If sailing from port is not possible. the chain stopper opened and the chafing chain was released. Using full rudder and engine power. Panama City. a single point mooring (SPM) buoy. Lessons learned 1. and started setting her on to the lee shore. training. 3. ro-ros are almost impossible to control or manoeuvre. The first seminar was held in Antwerp (see pp 10-12) The next International Command Seminars will be held in: ● ● ● Panama . ships have been kept alongside with continuous use of tugs. Even with full scope of chain on both anchors. Root cause/contributory factors 1. Mariners whose vessels may be navigating or lying at anchor near a ro-ro vessel in high Seaways August 2008 18 . It is believed that one of the officers performing cargo operations unintentionally opened the chain stopper and released the chafing chain while attempting to secure a forward hydraulic pump. the function keys and their sequence were not unique to a given operation. At some time during these operations. As the vessel drifted from the monobuoy. The ship was then moored only by a pickup rope that parted shortly thereafter. The function key sequence was the same for each operation and only the screen colour provided an indication as to which operation was being performed. the Corporation of Trinity House and the Honourable Company of Master Mariners (HCMM). approaching the pilot station at her scheduled time. The screen colour was different for each operation. in uncrowded anchorages. The master was instructed to await further orders and decided to head back to open waters rather than wait in the confined area or anchor there. 2. Once out of the lee of the land. The bridge monitor that was used to control the cargo operation also used the same function keys to control different operations. but with engines in full readiness until the wind has abated. provided the location and predicted movement of the weather system is known. in very confined waters. qualifications and competence The Nautical Institute. and transmitting appropriate signals on the air horn and VHF radio. and. the Institute of Marine Engineering. even with the engine going on harbour full ahead. the cargo hoses parted and approximately 12 tonnes of oil spilled into the sea. and discharging to. the command team afloat and the rest of the industry. the wind suddenly increased and pilotage services were abruptly suspended.nautinst. the full force of the gale caused the ship to move sideways at about five knots. However.The supplier accepted responsibility for the wrong supply and the incorrect oil was de-bunkered and the correct grade was supplied. the vessel was put off hire during the time taken for this operation. MARS 200855 Mooring failure. can be a critical element in shipboard safety. pollution Source: IMO Flag State Implementation Sub-committee 11 An oil tanker was moored to. Science and Technology (IMarEST). in conjunction with its branch network and in partnership with the International Federation of Ship Masters’ Associations (IFSMA). A gale warning was in force and with only two miles to go to the pilot embarkation point. less than two miles downwind. especially if the holding ground is less than ideal. At the first indication of approaching strong winds. The theme for this series is the relationship between the Designated Person (DPA). must allow for a greater margin of safety. is pleased to be hosting the 2008 series of International Command Seminars. The wind caught the beam of the high-freeboard and low draught vessel. mooring to two bower anchors may considered. The vessel remained stubbornly beam on to the wind despite all attempts to heave to with the head into the sea and swell. in the form of operator-machine interface. download brochure from www. which will be held at the Four Points by Sheraton hotel. MARS 200856 Ro-ro ships – manoeuvring difficulties An inbound pure car and truck carrier (PCTC) was The International Command Seminar Series 2008 The Command Team and the DP – Expectations. Maintaining a safe position under way in the lee of a high offshore island is a safe option. ro-ro vessels tend to yaw violently in strong winds and the ‘jerk’ at the extremity of each yaw may cause the anchors to drag. the master just managed to turn the ship’s head into the wind and execute the 180-degree turn and head out to open sea. 2. Ships’ crews should display warning signs where there is a possibility of confusion in the operator-machine interface. masters of ro-ros and similar high-sided vessels must not hesitate to leave port or confined waters and anchorages and head out to open sea. however.9-10 September 2008 * Glasgow – 9 October 2008 Hong Kong – 6 November 2008 *Thanks to RTI Marine for its sponsorship of the Panama Seminar. This type of vessel has been rightly described as a ‘ping-pong ball on the water’ and under high wind conditions. For more information. Ergonomics.

Following regulations. Lessons learned 1. without any safe management. The incident occurred within the surveillance area of the port’s VTS. The container ship had sailed from port about two hours before the incident and having disembarked the pilot. presumed dead. sewage and environmentally damaging substances. appeared to have failed to comply with Rule 15 of the MARS 200858 Derrick accident causes fatality Source: Standard P&I Club. 2.mardep. 1. with the loss of three crew members. The container ship. I would imagine the company's environmental policy might (should?) preclude this sort of action. 3. to take early action to slow down. noxious liquid substances (NLS). The faulty bearing was supplied by the shipbuilder. re-mounted. However. Amazing. immediately after which the smaller cargo ship sank. to keep out of the way of the container vessel in a crossing situation. While the derrick was lifting two steel plates slung which the crew should have performed under the supervision of the chief officer. permanently repaired under class supervision. because of its position and accessibility. and at regular intervals thereafter. Surely. The dumping of the discarded heat exchangers on the ‘high seas’ in this case did not contravene Marpol if it was done more than 25 miles from nearest land outside special areas. gears and other moving parts must be checked and greased as soon as possible after delivery. The additional wear and tear leading to the wire parting must have occurred over a period of time and should have been noticed by the crew. sheaves. appeared to have failed to comply with Rule 8 of Colregs. provided they do not contain or are not ‘contaminated’ with substances that come under any of the other Annexes: oil. 3 2006. departed the fairway. and was increasing to her normal sea speed of 24 knots. Masters and navigating officers should comply with Colregs at all times. Seafarers must carefully check their ship’s gear for such defects. the container ship was on a course of 149ºT (and was altering rapidly to 180ºT to avoid collision) and at a speed of about 20 knots. there is some convention which precludes dumping waste of this sort at sea? Even if there isn't. The cargo ship was on a coastal voyage with steel cargo and at the time of the incident. In any event. the topping lift wire broke and the plates fell.MARS 200857 Bent derrick boom night in clear weather under slight sea conditions. Results of inquiry 1. 2. but such refuse may reasonably be considered as ‘operational waste’ under Annex V (Garbage). the bridge was manned by the master and an officer. December 2007 A new ship was discharging steel plates with own cargo gear. stop or reverse her engine in order to avoid collision. It would appear that this had not been done properly and the sheave. both of whom went missing. so the tracks of both vessels were recorded and used in this inquiry.pdf A container ship collided with a small general cargo ship at Seaways August 2008 Editor’s note: Marpol does not specifically address discarded ship’s spares under its annexes. such a derrick must be unshipped. however the ship had been in service for about six months and the owner should have ensured that all equipment was checked and serviced regularly. harmful substances. When a close quarters situation or risk of collision is likely to develop. prooftested and certified before being taken back into use. Fatigue. The master and the third officer were on the bridge at the time of the incident. early action to avoid collision should be made in compliance with Colregs. All wires. lack of 19 . www. which was the give-way vessel. The cargo ship maintained a course of about 229ºT at a speed of about 8 kts until the collision. 2. The shipowner had established a programme of routine maintenance. being a stand-on vessel. the report tries to give advice but actually demonstrates what a reckless operation took place. Feedback MARS 200814 Propeller damaged by own refuse I'm somewhat surprised that this report has been issued without any comment. ■ MARS 200859 Collision with sinking and fatalities Official report: Preliminary Inquiry no. had been overlooked. The cargo ship. The accident was attributed to a seizure of the centre pulley bearing. One stevedore was killed at the scene and three others were badly injured. 3. Safety issue. alcohol and drugs were not found to have contributed to this incident. Root cause/contributory factors ▲ This photograph shows a bent derrick boom. This defect is usually caused by over-stressing the system. causing wear and breakage of the lifting wire due to contact with the pulley sheave. Before the collision.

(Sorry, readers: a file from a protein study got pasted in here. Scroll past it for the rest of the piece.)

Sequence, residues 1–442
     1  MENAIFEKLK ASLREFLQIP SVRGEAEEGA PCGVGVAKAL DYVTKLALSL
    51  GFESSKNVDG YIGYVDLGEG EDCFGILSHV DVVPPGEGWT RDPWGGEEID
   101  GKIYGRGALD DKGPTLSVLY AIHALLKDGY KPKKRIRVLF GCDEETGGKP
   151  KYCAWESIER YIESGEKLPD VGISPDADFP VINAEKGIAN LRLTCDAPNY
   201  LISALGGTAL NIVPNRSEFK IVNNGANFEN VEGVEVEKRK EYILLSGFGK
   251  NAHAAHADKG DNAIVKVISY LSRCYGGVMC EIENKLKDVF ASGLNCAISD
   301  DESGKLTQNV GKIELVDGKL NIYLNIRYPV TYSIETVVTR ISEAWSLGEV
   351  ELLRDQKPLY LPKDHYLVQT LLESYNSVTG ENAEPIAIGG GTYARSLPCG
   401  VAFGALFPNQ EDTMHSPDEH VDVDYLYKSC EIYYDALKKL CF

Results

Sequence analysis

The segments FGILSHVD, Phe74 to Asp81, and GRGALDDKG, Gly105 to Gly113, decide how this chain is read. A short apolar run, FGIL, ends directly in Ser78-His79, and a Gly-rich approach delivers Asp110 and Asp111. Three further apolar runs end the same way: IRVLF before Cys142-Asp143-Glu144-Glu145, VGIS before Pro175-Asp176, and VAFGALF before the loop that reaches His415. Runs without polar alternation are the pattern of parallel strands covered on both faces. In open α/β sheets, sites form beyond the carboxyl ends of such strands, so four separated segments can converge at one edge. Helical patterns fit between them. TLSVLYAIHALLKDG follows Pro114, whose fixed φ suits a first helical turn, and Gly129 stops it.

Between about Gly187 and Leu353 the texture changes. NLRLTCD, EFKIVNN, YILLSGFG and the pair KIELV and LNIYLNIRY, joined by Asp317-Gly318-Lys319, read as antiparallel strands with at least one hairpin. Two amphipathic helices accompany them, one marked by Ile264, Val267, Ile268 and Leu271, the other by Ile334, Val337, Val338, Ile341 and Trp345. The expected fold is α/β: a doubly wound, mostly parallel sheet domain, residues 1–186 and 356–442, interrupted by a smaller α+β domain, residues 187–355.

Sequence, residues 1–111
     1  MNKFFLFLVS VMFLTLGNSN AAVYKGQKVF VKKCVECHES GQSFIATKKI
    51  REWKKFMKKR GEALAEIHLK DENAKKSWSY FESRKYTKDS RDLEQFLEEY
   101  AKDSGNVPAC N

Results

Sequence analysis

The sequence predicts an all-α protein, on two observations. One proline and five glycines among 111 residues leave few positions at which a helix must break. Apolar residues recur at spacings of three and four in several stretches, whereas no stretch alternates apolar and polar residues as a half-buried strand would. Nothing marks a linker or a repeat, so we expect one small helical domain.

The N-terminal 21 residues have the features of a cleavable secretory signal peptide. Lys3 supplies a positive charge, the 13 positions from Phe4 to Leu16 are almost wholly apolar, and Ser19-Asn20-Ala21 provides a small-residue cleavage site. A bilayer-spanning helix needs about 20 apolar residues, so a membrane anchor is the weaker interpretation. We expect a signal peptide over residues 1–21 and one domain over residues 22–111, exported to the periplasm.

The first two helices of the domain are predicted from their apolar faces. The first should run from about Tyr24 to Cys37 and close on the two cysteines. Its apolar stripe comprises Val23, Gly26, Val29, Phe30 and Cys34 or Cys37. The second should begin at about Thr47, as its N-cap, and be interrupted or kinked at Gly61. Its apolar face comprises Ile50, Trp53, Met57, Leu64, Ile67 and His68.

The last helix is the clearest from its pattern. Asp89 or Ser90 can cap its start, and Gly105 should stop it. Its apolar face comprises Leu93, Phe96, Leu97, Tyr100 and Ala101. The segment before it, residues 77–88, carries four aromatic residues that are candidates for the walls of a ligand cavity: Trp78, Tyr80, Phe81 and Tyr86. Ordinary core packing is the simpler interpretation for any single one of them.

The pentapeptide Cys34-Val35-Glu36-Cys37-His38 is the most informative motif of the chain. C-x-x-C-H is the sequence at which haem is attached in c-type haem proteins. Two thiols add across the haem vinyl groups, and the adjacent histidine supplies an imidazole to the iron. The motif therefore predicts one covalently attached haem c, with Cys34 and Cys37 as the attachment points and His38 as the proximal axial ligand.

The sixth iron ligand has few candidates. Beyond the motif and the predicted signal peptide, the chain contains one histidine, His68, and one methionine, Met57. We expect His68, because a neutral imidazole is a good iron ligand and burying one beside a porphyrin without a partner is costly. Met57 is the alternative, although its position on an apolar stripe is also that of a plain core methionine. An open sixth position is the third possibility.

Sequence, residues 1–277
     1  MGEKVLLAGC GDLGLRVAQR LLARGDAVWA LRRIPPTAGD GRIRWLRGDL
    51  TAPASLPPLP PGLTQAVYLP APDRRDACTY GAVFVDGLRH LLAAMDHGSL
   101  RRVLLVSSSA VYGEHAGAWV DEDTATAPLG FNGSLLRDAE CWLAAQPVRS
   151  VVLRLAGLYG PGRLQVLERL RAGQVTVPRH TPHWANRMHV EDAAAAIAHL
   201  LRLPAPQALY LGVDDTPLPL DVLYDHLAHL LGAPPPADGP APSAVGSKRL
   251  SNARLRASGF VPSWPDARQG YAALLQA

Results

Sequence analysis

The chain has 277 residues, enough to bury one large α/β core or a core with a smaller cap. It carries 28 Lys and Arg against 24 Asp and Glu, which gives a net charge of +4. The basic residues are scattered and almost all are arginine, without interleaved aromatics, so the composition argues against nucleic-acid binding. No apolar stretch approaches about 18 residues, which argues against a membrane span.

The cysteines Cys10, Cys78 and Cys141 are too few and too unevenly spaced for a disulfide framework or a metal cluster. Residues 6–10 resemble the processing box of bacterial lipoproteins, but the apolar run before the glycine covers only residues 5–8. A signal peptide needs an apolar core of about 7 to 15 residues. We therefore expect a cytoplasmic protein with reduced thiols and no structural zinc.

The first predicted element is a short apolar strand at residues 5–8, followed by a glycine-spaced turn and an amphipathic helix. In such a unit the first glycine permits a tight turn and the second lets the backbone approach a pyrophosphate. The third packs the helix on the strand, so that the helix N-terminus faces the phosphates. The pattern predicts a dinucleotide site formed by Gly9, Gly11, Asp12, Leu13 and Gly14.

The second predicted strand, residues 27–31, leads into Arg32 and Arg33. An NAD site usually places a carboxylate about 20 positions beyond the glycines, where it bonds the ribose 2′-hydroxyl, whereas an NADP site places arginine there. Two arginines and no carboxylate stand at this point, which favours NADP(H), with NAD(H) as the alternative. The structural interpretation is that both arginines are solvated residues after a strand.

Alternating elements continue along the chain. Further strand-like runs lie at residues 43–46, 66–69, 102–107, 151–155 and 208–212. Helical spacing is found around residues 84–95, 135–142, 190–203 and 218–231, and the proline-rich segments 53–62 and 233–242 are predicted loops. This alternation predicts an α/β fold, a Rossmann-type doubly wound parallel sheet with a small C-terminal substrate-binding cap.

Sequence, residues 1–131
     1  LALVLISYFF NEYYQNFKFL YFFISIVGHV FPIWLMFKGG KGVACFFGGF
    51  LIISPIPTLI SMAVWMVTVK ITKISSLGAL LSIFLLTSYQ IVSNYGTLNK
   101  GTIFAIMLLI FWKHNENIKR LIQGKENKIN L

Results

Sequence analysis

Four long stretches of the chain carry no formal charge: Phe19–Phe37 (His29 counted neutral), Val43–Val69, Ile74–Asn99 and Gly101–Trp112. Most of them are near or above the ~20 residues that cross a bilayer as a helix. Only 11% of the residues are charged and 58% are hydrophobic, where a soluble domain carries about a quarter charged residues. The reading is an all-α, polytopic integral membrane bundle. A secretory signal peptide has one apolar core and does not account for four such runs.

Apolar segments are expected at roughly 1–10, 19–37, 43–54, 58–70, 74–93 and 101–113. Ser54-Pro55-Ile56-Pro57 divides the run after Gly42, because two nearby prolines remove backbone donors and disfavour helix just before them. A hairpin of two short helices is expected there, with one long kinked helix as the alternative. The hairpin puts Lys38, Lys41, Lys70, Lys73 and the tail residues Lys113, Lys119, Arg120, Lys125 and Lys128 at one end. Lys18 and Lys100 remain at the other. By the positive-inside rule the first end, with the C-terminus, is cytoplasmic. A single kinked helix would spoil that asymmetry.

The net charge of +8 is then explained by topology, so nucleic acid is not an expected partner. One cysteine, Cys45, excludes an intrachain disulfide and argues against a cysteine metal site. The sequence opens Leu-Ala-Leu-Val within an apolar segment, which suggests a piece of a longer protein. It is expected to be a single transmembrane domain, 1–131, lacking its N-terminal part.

it was mentioned that the case was unusually tall. For overall safety. cargo. Reports concerning navigation. or contribute to a more effective shipping community? Everyone makes mistakes or has near misses but by contributing reports about these events to MARS. The method suggested by the Editor involves shorter slings like those illustrated in the original report and the ‘tightening’ is achieved simply by a person holding or tapping down the unloaded eye as the weight is taken by the lifting appliance. The Nautical Institute publication. by Captain Henk Hensen FNI includes valuable information on the safe deployment of tugs. Tug Use in Port. engineering. you can help others learn from your experiences. UK The Nautical Institute gratefully acknowledges sponsorship provided by: North of England P&I Club. ISM management. The Swedish Club. Ship's whistle. prevent injury. London SE1 7LQ. Feedback MARS 200824 Crate dropped during lowering There are various comments on this in the entry but I would take this opportunity to highlight the following: ● The value of the goods contained within the crate can easily be established. but the centre of gravity of the contents is (or was) a mystery. as applicable 2. This method has been successfully used by stevedores the world over for decades.seamanship. Safety at Sea. an efficient slinging arrangement for awkward packages should be provided by the packer. fire and general alarms are tested 5. 202 Lambeth Road. Vessels must not tow an idle escort tug. in the original or MARS. a tug’s skipper must ensure.o se e M rg on A /m lin RS ars e Seaways August 2008 Editor: Captain Shridhar Nivas MNI Email: mars@nautinst. say. All watertight doors and openings on and below the main deck are battened down. The bridge radio is functioning correctly 4. Lloyd’s Register-Fairplay. Feedback MARS 200832 Near loss of tug All tugs should have an emergency hook release mechanism. which would probably mean that each of the pair of slings required would measure upwards of. training or any other aspect of operations are always welcome. c/o The Nautical Institute. the following are also complied with before commencing a towing operation: 1. leadership. if not centuries. Sail Training International 20 . ● The only positive method of restraining any movement would be to sling it as shown in the diagram below. 15 metres in da arc uti ta h ns ba th t. ship design. the suggested method of proper slinging was incorrect as shown in the diagram. Based on the foregoing statement. prudence and internal communications seem to have been the main reasons for the damage sustained by the propeller. it appears either that the slings used were not long enough for this method or that the ship could not produce or improvise a pair of slings of suitable length. Tow winch(es) operation and quick release(s) checked. UK P&I Club. w w w Se . Ideally. This method is an age-old traditional method known as a ‘body and soul’ slinging arrangement. ■ Editor’s note: While this arrangement is definitely superior. mooring. The Marine Society and Sea Cadets. From the report. MARS is strictly confidential and can help so many – please contribute. Towing ropes / wires / gear are in good condition 3. MARS: You can make a difference! Can you save a life. among other things. Britannia P&I Club.